- File Size: 923 KB
- Print Length: 162 pages
- Simultaneous Device Usage: Unlimited
- Publisher: Smarmy Press (February 2, 2016)
- Publication Date: February 2, 2016
- Sold by: Amazon Digital Services LLC
- Language: English
- ASIN: B01BFFJSR4
- Text-to-Speech: Enabled
- Word Wise: Enabled
- Lending: Enabled
- Amazon Best Sellers Rank: #92,358 Paid in Kindle Store (See Top 100 Paid in Kindle Store)
|Print List Price:||$7.99|
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The Scattered and the Dead (Book 0.5) Kindle Edition
Kindle Feature Spotlight
|Length: 162 pages||Word Wise: Enabled||Enhanced Typesetting: Enabled|
|Page Flip: Enabled||
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Top customer reviews
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The book is written as a long letter broken up by date headings. The protagonist is a mid-twenties man who has agoraphobia at the least from reading his letter.
He is writing to the girl in the apartment across the hall who he's never had the confidence to even speak to. Unfortunately, before he can gather his courage, the world's already terrible situation gets much worse.
It appears he is the last human on earth, yet he continues writing his crush while building courage to venture out of his apartment to investigate what's happened.
All in all, the story really held my attention and surprised me a few times. However, as a fan of King and even darker indy authors, I didn't find this book all that dark or gritty. It was realistic but not overly descriptive nor gory for the sake of gore- which I highly respect. It's harder to build horror and suspense without over emphasizing gore and so forth.
My favorite thing about this novella is that the way it is written makes it easy to read one or two days then put it down if you're short on time. It's still good for a longer read as well, but it's always nice to have something to fit into a break at work without leaving yourself hanging.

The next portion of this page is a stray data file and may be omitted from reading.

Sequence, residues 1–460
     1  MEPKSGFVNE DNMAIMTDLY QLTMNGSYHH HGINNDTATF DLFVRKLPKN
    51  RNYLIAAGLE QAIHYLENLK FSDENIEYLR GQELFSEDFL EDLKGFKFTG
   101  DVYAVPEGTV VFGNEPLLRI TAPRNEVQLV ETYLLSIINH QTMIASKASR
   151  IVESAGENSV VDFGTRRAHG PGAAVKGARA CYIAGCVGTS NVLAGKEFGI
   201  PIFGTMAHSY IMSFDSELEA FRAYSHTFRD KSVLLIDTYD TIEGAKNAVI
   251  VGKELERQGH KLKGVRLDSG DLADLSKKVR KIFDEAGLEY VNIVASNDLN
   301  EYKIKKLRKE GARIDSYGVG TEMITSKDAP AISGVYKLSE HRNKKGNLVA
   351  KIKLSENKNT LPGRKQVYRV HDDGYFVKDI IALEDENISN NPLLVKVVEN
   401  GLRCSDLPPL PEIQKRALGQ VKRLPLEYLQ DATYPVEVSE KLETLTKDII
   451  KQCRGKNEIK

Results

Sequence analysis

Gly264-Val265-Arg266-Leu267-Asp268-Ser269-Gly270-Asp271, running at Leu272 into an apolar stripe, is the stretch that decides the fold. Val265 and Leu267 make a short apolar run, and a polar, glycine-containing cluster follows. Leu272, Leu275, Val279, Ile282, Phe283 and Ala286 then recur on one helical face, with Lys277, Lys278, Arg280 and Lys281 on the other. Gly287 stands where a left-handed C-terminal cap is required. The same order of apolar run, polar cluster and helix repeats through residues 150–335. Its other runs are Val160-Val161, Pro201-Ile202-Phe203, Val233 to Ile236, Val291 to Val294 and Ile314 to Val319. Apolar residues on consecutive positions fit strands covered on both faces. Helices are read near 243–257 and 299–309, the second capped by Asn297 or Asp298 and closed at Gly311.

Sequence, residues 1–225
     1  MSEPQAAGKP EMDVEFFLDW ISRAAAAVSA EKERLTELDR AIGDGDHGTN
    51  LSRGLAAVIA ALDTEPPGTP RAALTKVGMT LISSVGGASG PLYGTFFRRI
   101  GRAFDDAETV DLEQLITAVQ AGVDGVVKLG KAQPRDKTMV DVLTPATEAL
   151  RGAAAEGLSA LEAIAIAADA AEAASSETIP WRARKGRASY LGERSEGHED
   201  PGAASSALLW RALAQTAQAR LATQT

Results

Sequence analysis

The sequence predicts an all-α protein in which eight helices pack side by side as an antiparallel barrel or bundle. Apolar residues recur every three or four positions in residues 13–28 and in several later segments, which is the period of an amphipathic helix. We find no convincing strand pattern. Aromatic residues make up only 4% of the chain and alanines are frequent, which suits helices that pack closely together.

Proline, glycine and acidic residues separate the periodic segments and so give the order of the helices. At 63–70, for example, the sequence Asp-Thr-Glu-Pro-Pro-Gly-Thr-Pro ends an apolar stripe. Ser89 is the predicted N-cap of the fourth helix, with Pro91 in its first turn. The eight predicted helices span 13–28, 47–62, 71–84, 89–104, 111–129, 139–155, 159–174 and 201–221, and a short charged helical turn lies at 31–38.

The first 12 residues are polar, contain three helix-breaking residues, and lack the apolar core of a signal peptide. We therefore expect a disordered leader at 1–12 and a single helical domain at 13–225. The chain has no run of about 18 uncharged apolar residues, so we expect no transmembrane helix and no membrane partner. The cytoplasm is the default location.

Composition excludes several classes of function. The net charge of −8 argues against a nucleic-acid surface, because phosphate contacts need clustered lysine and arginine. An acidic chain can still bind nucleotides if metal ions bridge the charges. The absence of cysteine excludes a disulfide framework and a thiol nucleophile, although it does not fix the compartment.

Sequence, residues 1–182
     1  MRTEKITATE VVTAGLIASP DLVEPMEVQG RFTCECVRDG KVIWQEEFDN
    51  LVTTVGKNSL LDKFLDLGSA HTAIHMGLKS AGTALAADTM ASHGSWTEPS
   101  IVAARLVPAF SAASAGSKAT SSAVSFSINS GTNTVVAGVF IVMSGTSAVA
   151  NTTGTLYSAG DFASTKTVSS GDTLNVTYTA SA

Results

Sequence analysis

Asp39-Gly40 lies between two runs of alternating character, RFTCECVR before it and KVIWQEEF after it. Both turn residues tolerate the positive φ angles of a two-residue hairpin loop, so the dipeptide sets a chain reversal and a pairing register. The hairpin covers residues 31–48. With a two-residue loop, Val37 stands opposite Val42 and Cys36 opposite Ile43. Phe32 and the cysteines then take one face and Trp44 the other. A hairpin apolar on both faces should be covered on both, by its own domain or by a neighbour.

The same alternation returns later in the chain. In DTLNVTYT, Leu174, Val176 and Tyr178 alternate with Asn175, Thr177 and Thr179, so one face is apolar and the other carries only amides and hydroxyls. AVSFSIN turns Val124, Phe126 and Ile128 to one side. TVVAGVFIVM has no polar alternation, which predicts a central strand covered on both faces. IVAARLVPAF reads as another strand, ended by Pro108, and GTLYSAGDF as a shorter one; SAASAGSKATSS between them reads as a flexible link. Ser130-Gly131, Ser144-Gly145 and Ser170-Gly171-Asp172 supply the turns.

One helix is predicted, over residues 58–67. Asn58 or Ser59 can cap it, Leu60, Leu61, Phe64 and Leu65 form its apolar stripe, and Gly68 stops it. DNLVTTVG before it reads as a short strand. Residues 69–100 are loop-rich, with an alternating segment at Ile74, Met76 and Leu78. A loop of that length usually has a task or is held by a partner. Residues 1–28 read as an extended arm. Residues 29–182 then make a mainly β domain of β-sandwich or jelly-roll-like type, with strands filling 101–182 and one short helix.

This story took me on Decker's eerie and lonely journey, filled with colorful and extremely descriptive observations. The only disappointing aspect is that I will have to wait (but not too long) for more Decker!
The most interesting aspect of his story is that Decker starts as someone afraid to leave his home. He orders everything and has it delivered. He is just overwhelmed by people and the world so he stays in his apartment and watches the rest of the world live on TV and the internet. He made a lot of money at a young age and is a bit arrogant about it.
The end of the world frees Decker from his self-imposed isolation. He has to go out to get supplies, but the plague has taken care of his problem. There are no more people to deal with. He is at first horrified by what he sees, but he gets used to it, finds a bicycle and his freedom, and travels through the empty city. The plague cures agoraphobia. Who knew?
By the end of the book, Decker is a different person. We don't know what happened to him, but he admits in his final letter that he has done things he isn't proud of. Of course, the woman he was writing to is dead. Everyone is dead. He is as alone as he was at the beginning of the book, but his feelings about aloneness have changed greatly.
This is an excellent prequel. While the apocalypse happens in the background, we live it through the eyes of Decker. As the world ends, Decker comes to life. He is a fully fleshed-out character (he's the only one in the book) and we know him pretty well by the end of the book. It seems he has become a survivor, which is a surprise even to himself.
This is very well-written and gives us a different perspective on the end of the world than other post-apocalyptic books. This is the story of an ordinary, flawed man who transforms into a completely different person by the end of the book. This books give us the opportunity to go on that journey with him.
His reactions are recorded in a letter to a girl he would like to meet, but is too fearful to approach. This strikes me as perfectly believable, even painfully personal. The observations exposed in the story are interesting and familiar, and often are compelling truths about our existence.
I look so forward to reading more of the series, if for nothing else than to live the achievements of the characters; as if I can take comfort in believing I am not the only awkward lonely soul staring out my window.
Velocifapptor recommends this novella with extreme prejudice. Well done, Tim and LT.